The iconic Meyers Manx is coming back for the third time, now as a pure electric vehicle. No, it’s not the ID Buggy concept Volkswagen cruelly teased us with a few years ago before crushing our dreams, it’s an all-new model from the original outfit. Meet the Meyers Manx 2.0 Electric.
The EV dune buggy is being produced in California by the Meyers Manx company in partnership with “a U.S.-based manufacturing entity.” Manx fans will know that founder Bruce Meyers died in February 2021 at age 94, and a year prior had sold his eponymous company to Trousdale Ventures to ensure its continuation after his passing. Trousdale founder and Meyers Manx chairman Phillip Sarofim hired legendary car designer Freeman Thomas, who penned the Volkswagen New Beetle among other notable projects, to create this next-generation Manx EV.
Thomas’ work is very true to the original while including modern components and working around a significantly different drivetrain. Even so, it likely has more in common with the original Manx than the later models you know. The first Manx featured a custom fiberglass monocoque body with embedded steel mounting points and reinforcements. Too expensive to mass produce, Meyers switched to using a shortened Volkswagen Beetle platform with a fiberglass body after 12 unprofitable cars were built.
This new model utilizes an aluminum monocoque covered with a body made of a material not specified in the press release, though we’re told the roof is at least is carbon fiber. Indeed, a number of technical details are unclear or unannounced at this time. Regardless, hidden somewhere under the retro bodywork is a choice of two battery packs, one 20 kWh and one 40 kWh. Those are small by EV standards, but unlike a Tesla, the Manx 2.0 Electric only weighs an estimated 1,500 to 1,650 pounds depending on battery size. Based on a development mule shown, the batteries and motors appear to be packed under the cargo area with the batteries ahead of the rear axle and the motors behind.
Thanks to its low weight, Meyers Manx estimates the buggy will go 150 miles with the small battery and 300 miles with the big battery. A Level 2 (6 kW) onboard charger is standard and DC Fast charging capability are optional, though only at 60 kW. Here again, the stats are unimpressive for a road-going EV, but the Manx 2.0 Electric’s batteries are so small they shouldn’t take too long to charge even at those speeds. We can’t say for sure, though, because the company has not shared charging times.
Regardless of battery size, power will be sent to a pair of electric motors mounted on the rear axle, one driving each rear wheel for precise traction control and torque vectoring. Meyers Manx doesn’t have specs on the motors paired with the smaller 20 kWh battery but says 40 kWh model will put out 202 horsepower and “up to” 240 pound-feet of torque and will hit 60 mph in an estimated 4.5 seconds.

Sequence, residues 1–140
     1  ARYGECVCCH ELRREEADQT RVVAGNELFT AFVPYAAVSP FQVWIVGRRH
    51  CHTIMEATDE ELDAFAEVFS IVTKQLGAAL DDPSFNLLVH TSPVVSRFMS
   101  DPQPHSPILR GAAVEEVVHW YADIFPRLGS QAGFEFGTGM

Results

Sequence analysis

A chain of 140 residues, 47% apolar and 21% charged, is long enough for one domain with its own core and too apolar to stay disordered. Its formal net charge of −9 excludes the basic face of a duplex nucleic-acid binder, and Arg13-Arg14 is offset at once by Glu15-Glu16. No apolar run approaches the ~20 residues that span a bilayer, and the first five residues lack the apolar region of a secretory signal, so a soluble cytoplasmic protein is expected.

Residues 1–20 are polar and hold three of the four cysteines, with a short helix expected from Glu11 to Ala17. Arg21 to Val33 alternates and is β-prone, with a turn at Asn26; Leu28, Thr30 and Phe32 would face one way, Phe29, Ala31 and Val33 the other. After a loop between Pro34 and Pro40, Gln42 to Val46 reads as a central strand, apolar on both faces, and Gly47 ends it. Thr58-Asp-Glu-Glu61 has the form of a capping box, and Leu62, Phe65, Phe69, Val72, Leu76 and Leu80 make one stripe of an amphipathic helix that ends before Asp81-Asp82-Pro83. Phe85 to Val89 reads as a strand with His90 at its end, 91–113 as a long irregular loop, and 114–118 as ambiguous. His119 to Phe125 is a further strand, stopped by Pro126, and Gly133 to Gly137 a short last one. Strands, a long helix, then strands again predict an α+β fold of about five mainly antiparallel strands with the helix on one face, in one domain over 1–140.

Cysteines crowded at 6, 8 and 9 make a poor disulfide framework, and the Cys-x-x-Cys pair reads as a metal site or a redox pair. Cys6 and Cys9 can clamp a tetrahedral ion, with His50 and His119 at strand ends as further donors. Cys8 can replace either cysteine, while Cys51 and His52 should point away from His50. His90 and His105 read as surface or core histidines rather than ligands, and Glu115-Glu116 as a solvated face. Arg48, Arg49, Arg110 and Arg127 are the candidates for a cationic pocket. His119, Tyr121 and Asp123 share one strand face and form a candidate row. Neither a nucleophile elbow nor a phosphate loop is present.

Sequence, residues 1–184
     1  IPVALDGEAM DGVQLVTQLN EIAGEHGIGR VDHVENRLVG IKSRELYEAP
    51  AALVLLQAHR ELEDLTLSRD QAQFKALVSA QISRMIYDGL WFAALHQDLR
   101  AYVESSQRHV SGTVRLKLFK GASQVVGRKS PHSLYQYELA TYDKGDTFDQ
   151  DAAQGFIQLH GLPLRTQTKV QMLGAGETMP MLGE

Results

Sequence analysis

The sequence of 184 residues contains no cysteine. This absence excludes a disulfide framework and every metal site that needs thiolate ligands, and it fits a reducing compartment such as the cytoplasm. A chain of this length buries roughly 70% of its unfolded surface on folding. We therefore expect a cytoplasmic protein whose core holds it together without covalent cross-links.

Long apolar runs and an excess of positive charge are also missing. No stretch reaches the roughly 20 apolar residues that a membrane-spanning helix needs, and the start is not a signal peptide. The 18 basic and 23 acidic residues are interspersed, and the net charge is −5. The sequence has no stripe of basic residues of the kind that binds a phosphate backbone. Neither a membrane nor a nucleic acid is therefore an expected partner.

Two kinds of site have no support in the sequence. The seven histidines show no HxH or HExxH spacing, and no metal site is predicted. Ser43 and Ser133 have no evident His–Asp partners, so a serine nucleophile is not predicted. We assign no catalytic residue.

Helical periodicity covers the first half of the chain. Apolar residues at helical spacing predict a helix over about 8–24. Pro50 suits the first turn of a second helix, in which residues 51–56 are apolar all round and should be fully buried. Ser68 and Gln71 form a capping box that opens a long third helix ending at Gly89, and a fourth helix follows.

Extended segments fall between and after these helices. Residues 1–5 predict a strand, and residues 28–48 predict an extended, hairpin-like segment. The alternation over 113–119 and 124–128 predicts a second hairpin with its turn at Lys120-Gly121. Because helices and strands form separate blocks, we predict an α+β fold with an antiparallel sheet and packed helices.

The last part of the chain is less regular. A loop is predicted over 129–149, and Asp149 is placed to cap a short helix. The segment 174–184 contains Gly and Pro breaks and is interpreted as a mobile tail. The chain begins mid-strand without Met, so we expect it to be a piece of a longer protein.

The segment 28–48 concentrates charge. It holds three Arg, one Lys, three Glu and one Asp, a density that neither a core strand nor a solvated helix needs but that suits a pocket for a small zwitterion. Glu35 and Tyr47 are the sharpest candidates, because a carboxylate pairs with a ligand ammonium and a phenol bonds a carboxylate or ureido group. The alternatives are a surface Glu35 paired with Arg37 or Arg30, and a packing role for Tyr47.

Like the original, the Manx 2.0 Electric will feature independent front and rear suspension, but we don’t have any details on the design used. Inspecting the prototype, we see a trailing arm front suspension lifted from the original air-cooled Beetles and the original Manx. The rear, however, is a modern multi-link design rather than an old swing arm setup. Both look to have plenty of travel as an off-roader should, but the company hasn’t provided those specs or official ground clearance. In the rear, the motors point towards each other and share a common housing, putting their output shafts in the center of the vehicle. This requires long axle half-shafts but gives the rear suspension a greater range of travel without binding the CV joints.
Unlike the old Beetle-based kit car, this new one features disc brakes all around instead of drums and also adds regenerative braking on the rear axle, not to mention an electric parking brake. Up front, the Manx 2.0 Electric gets electric power steering and even windshield wipers.
In all the most important ways, though, it’s true to the original. It’s rear-wheel drive, has knobby off-road tires, seats two, and the roof comes off. Inside, the seats appear to be wrapped in a vintage tweed pattern and the minimalist dashboard features a single retro-modern round gauge with a small digital display in the center. The roof is a single piece that can tilt upwards and forward to allow access to the cargo area or lifts off the car completely and get left in the garage. Like in the old days, there are no doors. There’s no lockable interior storage, and the space under the hood is almost entirely taken up by a spare tire and nesting tool kit similar to those offered on original Beetles decades ago.
While it doesn’t have doors or windows, we’re told the company still intends it to be street-legal under the Low Volume Vehicle Manufacturers Act. This allows specialty automakers selling fewer than 325 vehicles per year to do so without having to comply with crash testing and other costly regulations.
The biggest unanswered question we have is what the price tag will be for this adult-sized beach toy. Meyers Manx says they haven’t released the price yet, but if you don’t care and want to get your name on the list now, reservations will open on the company’s website after the car’s public debut at The Quail show on Friday, August 19, during Monterey Car Week. Deliveries will start in 2024.